Hi @MartnD - @CoryAllen is out on his honeymoon, so I’m stepping in to help answer the forum questions.
This is a great question! We are overdue in updating our camera placement documentation online, so thank you for your timely question.
Rather than give a specific recommendation, I’ll share a few design considerations so that you can make a choice based on your capture goals. I know you are an experienced volumetric video technician, so I think this is the best way for me to advise you. If you still feel unclear after the below, just let me know and we can workshop your scenario to come up with the best option.
Most of our camera design center around the concept of a hero camera. A hero camera is positioned to capture the area of most interest, generally the head and chest, or bust, of a standing figure facing forward. This camera should be as close as possible, pointed at eye level. it does not need to cover head to toe (the other cameras will fill this in) and in many situations we’ve also bumped the resolution of this camera up to 2160p, even if the other cameras in the array are at 1440p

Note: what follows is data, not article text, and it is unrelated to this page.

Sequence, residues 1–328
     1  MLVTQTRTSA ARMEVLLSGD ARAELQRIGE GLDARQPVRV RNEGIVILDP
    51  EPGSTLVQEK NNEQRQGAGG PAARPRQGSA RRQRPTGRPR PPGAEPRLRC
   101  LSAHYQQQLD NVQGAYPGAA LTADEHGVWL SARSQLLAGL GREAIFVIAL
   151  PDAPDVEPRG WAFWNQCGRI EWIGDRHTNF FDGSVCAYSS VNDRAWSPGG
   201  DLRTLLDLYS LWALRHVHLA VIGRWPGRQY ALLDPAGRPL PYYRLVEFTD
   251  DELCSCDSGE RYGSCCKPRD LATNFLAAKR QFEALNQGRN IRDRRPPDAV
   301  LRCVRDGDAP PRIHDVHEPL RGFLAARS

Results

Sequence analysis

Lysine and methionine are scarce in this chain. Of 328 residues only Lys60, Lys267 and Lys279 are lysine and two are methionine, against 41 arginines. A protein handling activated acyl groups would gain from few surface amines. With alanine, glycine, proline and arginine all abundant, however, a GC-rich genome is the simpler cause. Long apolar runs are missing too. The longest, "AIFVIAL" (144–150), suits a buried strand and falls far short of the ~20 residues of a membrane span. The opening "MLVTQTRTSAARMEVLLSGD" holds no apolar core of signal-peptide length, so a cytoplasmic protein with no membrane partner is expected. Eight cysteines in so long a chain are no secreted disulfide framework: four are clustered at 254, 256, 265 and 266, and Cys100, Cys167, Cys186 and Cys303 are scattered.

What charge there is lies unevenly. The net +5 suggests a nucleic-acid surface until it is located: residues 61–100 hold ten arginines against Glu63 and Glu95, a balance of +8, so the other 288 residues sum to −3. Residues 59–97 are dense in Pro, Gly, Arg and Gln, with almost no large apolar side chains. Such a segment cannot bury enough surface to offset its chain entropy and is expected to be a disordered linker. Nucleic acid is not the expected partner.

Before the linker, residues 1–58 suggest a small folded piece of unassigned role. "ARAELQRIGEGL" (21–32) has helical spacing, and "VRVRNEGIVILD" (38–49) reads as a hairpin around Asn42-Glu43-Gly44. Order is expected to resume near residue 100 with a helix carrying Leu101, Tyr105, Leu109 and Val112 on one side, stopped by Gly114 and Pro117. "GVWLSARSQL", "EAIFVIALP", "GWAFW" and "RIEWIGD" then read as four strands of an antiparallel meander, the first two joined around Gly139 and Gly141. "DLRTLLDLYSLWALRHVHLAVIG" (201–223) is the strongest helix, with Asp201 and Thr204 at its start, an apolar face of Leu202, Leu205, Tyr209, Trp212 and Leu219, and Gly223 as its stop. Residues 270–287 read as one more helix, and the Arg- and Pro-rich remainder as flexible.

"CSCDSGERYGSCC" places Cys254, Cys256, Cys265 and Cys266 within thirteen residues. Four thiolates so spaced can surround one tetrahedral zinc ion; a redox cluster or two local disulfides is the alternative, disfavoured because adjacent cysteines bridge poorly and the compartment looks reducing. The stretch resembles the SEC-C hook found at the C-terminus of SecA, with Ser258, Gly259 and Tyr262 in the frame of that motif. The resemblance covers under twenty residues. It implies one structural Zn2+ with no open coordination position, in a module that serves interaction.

The side cameras are for filling in the full form. At a minimum, you need 4 cameras in a square configuration, 90 degrees apart each, covering the subject head-to-toe. We recommend placing these about half way up the figure - so shooting a 6ft subject, you’d place them at 3 feet pointed straight out.
Adding additional top cameras, like the 2 in the image you posted from our tutorial, serve two important functions. The first is to fill in hair, which can be challenging material based on your subject’s hair type (very dark or frizzy hair can work against the lasers). Having a camera pointing straight at the subject’s hair from above, and closer than the others in the array, does a lot to recover these details.
The second reason for the top camera is to fill in occlusions on the chest during hand gestures. Most people gesticulate when they speak, and the nuance realism of these gestures can be one the most compelling aspects of volumetric video. However, these gestures can come with bad artifacts on the chest where the hands occlude the cameras. Having overhead cameras mitigates these artifacts by filling in the details from a view that is not occluded by the hands
The Azure Kinect data streams are not square, so orienting the cameras in portrait (aka “mobile phone style” as you put it) helps for standing subjects because it can capture better data on top and bottom. In the example 10 camera configuration above, we mix the orientations to ensure we have both coverage of the full height of the subject as well as movement through the volume.
Hope this helps!